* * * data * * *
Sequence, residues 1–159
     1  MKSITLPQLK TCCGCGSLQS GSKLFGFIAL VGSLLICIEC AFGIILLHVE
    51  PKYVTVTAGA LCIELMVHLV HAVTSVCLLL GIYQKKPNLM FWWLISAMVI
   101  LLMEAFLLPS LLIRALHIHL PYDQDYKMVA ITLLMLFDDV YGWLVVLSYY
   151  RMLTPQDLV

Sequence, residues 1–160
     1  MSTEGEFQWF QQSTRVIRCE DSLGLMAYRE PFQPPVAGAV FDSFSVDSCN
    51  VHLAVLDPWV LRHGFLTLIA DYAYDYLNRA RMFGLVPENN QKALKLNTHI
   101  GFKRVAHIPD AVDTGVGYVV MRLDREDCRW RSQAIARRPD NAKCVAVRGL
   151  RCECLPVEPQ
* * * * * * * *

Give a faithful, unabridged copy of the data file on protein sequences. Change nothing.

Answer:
Sequence, residues 1–159
     1  MKSITLPQLK TCCGCGSLQS GSKLFGFIAL VGSLLICIEC AFGIILLHVE
    51  PKYVTVTAGA LCIELMVHLV HAVTSVCLLL GIYQKKPNLM FWWLISAMVI
   101  LLMEAFLLPS LLIRALHIHL PYDQDYKMVA ITLLMLFDDV YGWLVVLSYY
   151  RMLTPQDLV

Sequence, residues 1–160
     1  MSTEGEFQWF QQSTRVIRCE DSLGLMAYRE PFQPPVAGAV FDSFSVDSCN
    51  VHLAVLDPWV LRHGFLTLIA DYAYDYLNRA RMFGLVPENN QKALKLNTHI
   101  GFKRVAHIPD AVDTGVGYVV MRLDREDCRW RSQAIARRPD NAKCVAVRGL
   151  RCECLPVEPQ